Renewable 1

Delivering Australia’s Future: Project Delivery Models for Defence, Renewable, and Transport Infrastructure Projects – Part 2: Renewable Projects

August 14, 2023

As the global market shifts towards increased investment in renewable energy projects, Australia is in a prime position to leverage its abundance of sun, wind, and land, to generate significant volumes of cheap renewable energy for domestic use, and for export. At least the federal government thinks so, having committed over $40 billion of investments in this year’s federal budget with a view to transforming Australia into a renewable energy superpower.

With an increased focus and investment in clean energy, we expect to see a significant jump in the number of renewable energy infrastructure projects in the near to mid-term, including hydrogen, hydroelectricity, solar, and wind projects.

Common Project Delivery Models

Two common project delivery models for utility scale renewable projects (i.e., projects producing 10 megawatts or more of energy) include:

  1. Engineering, Procurement and Construction (EPC); and
  2. Engineering, Procurement, and Construction Management (EPCM).*

* as distinguished from an Engineering, Procurement, Construct and Manage delivery model, under which a Head Contractor undertakes both the delivery and superintendence of the construction process.  


For renewable projects, an EPC model will generally involve a Principal engaging a Contractor to deliver a complete ‘turnkey’ asset (e.g., solar, wind, or hydrogen facility) for a specific price and time, and which performs to a specified level.

As renewable projects often involve a number of discrete packages of work, an EPC model has the advantage of providing a single point of responsibility, with the Contractor assuming responsibility for:

  1. engineering and design of the project;
  2. procurement of materials and equipment;
  3. engagement of subcontractors for each works package;
  4. construction of the project; and
  5. testing and commissioning prior to handover.

The adoption of an EPC model can provide Principals (and project financiers) with certainty derived from a number of factors which may include:

  1. fixed completion date;
  2. fixed price;
  3. limited or no technology risk;
  4. limited circumstances in which a Contractor may seek relief (cost and time);
  5. elimination of risk in managing multiple Contractors;
  6. performance guarantees;
  7. liquidated damages; and
  8. requirement for Contractor to provide security.

Although the use of an EPC model may be attractive from a Principal’s perspective, it may result in higher project costs as Contractors seek to factor into its price contingencies for increased construction risks, such as unknown site conditions.

As more renewable infrastructure projects are connected, congestion on the nation’s grid infrastructure increases, contributing to grid instability issues. Consequently, project participants may expect to face changes to registration, testing and commissioning requirements set by regulators (such as the Australian Energy Marketing Operator) and Network Service Providers to manage the strain. This can lead to project delays and additional project costs. Therefore, an EPC contract should carefully address this issue and provide sufficient clarity around how these risks are shared between the parties.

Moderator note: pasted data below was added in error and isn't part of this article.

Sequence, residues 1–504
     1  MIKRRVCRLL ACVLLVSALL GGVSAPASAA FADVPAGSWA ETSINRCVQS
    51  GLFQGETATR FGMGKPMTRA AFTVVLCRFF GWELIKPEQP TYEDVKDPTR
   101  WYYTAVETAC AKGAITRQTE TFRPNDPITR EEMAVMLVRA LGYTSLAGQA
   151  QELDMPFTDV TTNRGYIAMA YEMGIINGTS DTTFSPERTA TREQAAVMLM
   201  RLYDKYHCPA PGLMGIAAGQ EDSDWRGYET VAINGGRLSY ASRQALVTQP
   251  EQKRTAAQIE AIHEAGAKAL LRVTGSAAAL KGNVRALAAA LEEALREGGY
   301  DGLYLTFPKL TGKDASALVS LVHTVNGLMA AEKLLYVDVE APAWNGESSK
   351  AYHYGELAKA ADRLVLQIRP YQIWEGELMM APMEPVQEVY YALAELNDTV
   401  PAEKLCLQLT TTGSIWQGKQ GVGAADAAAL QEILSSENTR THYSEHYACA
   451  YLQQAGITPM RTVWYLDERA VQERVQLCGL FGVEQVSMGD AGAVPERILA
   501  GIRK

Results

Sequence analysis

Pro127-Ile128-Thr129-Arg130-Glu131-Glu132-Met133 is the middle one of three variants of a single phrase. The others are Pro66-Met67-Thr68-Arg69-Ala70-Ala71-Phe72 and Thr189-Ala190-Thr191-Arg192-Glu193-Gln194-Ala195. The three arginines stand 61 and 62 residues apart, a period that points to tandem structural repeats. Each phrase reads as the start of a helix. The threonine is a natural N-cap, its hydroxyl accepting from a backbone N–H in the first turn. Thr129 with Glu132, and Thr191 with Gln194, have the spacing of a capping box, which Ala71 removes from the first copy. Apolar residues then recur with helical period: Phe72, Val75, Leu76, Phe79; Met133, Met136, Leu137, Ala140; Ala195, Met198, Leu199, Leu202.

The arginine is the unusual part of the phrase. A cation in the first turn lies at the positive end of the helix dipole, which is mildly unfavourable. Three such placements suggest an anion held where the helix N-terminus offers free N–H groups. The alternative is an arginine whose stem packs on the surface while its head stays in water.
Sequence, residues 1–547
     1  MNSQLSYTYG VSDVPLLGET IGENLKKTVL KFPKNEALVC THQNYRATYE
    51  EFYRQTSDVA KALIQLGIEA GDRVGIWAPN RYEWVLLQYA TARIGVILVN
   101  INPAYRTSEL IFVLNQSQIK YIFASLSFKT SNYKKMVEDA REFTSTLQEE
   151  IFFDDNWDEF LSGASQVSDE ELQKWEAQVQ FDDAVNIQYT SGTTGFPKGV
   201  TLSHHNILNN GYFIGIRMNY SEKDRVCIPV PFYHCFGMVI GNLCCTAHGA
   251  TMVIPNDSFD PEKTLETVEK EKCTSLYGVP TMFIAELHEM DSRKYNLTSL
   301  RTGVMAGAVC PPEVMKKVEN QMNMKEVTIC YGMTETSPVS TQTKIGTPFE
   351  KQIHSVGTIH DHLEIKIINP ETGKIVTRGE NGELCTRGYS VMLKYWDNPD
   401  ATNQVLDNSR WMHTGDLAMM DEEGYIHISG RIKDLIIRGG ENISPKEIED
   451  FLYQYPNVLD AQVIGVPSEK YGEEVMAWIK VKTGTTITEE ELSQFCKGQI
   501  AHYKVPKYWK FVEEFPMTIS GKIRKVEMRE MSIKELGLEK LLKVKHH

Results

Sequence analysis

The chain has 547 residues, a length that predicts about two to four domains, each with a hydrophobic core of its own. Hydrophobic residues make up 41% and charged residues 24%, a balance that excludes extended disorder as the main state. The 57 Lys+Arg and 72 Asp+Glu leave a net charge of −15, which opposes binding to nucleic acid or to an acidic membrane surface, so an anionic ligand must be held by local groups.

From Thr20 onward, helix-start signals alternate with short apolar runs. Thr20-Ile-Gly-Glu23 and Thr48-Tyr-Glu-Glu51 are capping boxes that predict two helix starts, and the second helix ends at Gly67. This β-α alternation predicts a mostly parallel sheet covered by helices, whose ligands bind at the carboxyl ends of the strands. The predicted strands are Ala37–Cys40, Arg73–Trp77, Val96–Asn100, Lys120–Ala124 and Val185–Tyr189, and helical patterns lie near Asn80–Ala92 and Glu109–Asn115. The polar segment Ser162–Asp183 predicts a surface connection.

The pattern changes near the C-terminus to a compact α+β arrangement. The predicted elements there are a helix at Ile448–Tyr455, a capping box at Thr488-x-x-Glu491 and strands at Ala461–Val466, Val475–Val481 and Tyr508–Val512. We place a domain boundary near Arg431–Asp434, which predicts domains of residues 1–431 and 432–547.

Additional risk mitigation strategies that are crucial to ensure a project’s success, include:

  1. provision of detailed project specifications and plans;
  2. clearly drafted delay event, concurrent delay, and change in law contractual provisions;
  • consideration of the inclusion of a dispute avoidance board to assist with mitigation of delays and determination of extension of time entitlements; and
  1. scheduling regular meetings and audits to ensure project requirements are being met.


Under an EPCM model, a Contractor is typically responsible for:

  1. engineering and detailed design;
  2. management of tenders for procurement of all equipment;
  3. awarding and managing works packages and contracts (often as agent for the Principal); and
  4. overall management of a project, including supervision of the construction process.

Under this model, a Contractor will not undertake any construction work and is typically not responsible for:

  1. delivery of a project by an overall completion date or in accordance with a project budget; or
  2. care and custody of the works.

This model may be suitable for renewable projects in circumstances where:

  1. experienced Principals possess sufficient experience and expertise in managing a project (and who would prefer not to pay significant risk premiums that can often accompany an EPC model);
  2. a Principal wishes to have greater involvement in decisions involving design, equipment, materials, and contractor selection; or
  • a renewable project involves largely modular building structures (e.g., solar farm, hydrogen electrolysis trains and bulk storage).

Lamont Project & Construction Lawyers

We have the industry knowledge and experience to assist both Principals and Contractors in all major infrastructure projects. If you would like to discuss any of the matters raised in the above article or the forthcoming series as it relates to your specific circumstances, please contact Lamont Project & Construction Lawyers.

The content of this article is for information purposes only; it does not discuss every important topic or matter of law, and it is not to be relied upon as legal advice. Specialist advice should be sought regarding your specific circumstances.

Contact: Peter Lamont or Kristopher London

Email: [email protected] or [email protected]

Phone: (07) 3248 8500

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